Telephone etiquette is a critical ingredient to making a positive first impression. Here’s what your employees need to know.
Make sure that you and everyone else who has access to your clients by phone know and practice professional courtesy. A training session on telephone etiquette is one way to insure consistency and professionalism.
Make no assumptions—not everyone has appropriate manners. Whoever answers your phone represents the entire organization and its philosophy about customer service.
Here are some suggestions for what your employees need to know.
Answer the phone promptly. Every call should be answered between the first and third ring. In many instances the caller hears a preliminary ring that you may not. What you think is the first ring may in fact be the second. We live in a world of instant expectations. If you don’t answer the phone immediately, people assume that you are either closed for the day, out of business or simply provide poor service. Answer the phone as soon as it rings, and grab that customer before your competition does.
Identify yourself immediately. One of the top complaints about telephone etiquette is that people fail to give their name. Whether you are placing or receiving a call, identify yourself right away. No one wants to guess who you are or be put in the awkward position of having to ask.
Be prepared with pen and paper. People are not impressed when you have to search for pencil and paper. If you aren’t prepared to take information, perhaps you aren’t prepared to do business.
Take accurate messages. Because of voice mail we don’t take messages as often as we used to, and we fail to mention this vital step in our telephone etiquette training. If you need to do so, check that you have written the information correctly. Repeat the spelling of the caller’s name. Double check the phone number as well as the wording of the message.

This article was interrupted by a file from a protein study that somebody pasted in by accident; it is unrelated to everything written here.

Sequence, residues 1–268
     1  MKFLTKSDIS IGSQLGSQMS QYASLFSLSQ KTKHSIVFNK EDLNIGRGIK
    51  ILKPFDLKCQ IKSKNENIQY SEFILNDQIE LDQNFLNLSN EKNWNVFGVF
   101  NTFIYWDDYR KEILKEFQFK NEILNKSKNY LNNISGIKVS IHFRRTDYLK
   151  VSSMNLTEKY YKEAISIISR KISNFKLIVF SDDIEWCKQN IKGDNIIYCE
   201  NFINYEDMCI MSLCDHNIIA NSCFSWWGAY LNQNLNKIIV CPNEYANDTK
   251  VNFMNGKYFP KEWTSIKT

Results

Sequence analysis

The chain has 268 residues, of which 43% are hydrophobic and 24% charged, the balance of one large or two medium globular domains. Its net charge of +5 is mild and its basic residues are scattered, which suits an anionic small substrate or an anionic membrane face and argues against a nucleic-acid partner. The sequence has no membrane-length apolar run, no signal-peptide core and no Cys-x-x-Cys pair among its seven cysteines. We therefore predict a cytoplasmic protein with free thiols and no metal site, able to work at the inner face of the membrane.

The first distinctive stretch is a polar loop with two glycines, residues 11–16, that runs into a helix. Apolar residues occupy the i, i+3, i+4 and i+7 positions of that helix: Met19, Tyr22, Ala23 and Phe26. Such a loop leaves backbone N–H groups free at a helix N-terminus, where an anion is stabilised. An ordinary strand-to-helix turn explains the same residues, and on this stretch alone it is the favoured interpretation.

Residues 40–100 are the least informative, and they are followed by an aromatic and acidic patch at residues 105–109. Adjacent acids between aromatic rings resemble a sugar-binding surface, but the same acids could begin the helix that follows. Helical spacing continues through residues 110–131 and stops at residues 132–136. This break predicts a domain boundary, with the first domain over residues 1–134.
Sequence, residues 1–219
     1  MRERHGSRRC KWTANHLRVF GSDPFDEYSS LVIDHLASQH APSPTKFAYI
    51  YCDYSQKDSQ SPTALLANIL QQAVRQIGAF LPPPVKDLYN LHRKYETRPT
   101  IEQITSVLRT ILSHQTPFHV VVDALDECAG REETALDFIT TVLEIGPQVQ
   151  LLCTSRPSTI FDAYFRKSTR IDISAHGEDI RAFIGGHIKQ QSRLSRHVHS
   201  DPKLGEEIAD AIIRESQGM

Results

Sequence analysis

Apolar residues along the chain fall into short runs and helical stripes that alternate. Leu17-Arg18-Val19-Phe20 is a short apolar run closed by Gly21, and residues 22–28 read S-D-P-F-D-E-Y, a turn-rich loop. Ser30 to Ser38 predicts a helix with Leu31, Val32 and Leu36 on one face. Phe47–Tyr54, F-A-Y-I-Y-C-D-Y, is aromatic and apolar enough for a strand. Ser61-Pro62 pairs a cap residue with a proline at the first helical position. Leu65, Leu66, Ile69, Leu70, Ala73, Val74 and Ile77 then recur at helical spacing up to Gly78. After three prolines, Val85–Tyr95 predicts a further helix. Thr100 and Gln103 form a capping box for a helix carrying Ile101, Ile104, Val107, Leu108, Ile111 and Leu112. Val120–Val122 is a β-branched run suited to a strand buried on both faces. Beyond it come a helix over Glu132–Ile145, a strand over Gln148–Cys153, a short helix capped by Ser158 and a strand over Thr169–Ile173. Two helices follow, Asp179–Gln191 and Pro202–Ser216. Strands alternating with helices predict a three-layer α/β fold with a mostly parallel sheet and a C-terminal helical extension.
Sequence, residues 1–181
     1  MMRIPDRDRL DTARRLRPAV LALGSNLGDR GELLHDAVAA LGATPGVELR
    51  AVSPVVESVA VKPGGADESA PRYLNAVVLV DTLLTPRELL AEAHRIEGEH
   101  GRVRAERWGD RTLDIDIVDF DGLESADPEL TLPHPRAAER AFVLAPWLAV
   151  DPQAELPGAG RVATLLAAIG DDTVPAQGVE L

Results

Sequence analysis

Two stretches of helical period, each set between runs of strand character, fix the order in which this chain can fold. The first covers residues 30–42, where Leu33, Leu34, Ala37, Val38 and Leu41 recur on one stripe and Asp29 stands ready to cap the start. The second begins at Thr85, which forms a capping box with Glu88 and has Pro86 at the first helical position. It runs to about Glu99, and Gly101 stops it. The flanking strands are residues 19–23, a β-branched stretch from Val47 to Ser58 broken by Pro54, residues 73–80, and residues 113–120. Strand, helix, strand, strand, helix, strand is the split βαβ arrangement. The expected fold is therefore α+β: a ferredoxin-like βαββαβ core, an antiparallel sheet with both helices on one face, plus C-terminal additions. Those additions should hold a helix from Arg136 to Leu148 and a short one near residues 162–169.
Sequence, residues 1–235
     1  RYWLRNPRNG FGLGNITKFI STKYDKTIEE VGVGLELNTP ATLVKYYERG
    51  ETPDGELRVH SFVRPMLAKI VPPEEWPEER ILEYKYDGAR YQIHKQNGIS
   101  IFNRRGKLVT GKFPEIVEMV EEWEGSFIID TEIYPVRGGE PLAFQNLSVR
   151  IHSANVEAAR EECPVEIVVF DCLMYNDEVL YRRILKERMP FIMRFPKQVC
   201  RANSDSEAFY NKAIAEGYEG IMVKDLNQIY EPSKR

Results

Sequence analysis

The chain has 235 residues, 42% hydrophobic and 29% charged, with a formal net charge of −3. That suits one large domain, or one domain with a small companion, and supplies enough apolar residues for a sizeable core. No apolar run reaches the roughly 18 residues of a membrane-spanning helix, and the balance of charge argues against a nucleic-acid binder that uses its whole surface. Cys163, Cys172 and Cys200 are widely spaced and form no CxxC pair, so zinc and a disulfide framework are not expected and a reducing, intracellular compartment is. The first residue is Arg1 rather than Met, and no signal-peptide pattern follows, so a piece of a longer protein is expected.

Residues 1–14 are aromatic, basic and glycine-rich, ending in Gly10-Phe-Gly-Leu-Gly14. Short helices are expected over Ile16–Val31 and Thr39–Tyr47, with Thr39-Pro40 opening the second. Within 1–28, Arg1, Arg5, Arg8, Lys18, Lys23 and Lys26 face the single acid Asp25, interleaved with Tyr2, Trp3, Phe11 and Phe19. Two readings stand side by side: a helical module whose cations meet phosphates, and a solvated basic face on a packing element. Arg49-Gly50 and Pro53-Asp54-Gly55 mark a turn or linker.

Transfer calls smoothly. Most of us cringe when someone says, “Let me transfer your call.” We have visions of being passed around from person to person and telling our story over and over again before finding someone who can help. If you need to transfer a call, ask the caller to hold while you confirm that you are sending the call to the right person and that that person is indeed available.
Manage the hold key with courtesy. In most telephone surveys, people rank being put on hold as their biggest frustration. Ask your callers’ permission before placing them on hold and wait to hear their reply. Answering the phone with a “hold, please” and immediately hitting the hold key will gain you nothing but an annoyed caller.
Put a smile on your face when you answer the phone. Even if you aren’t feeling cheery, your callers don’t need to know. A smile changes the entire tone of your voice and is audible over the phone. You would smile if the customer was standing in front of you—or I hope you would—so smile on the phone. Fake it if you have to, but do it.
At the end of the day, ask yourself what kind of impression you gave your callers. Was it your best and your company’s best? Did you treat every caller as valuable? If not, remind yourself that there is no such thing as an unimportant phone call and that you are the voice of the business.
About the Author
Lydia Ramsey helps organizations attract and retain clients through the simple practice of modern manners and the basic principles of courtesy, kindness and respect. © Lydia Ramsey. All rights in all media reserved.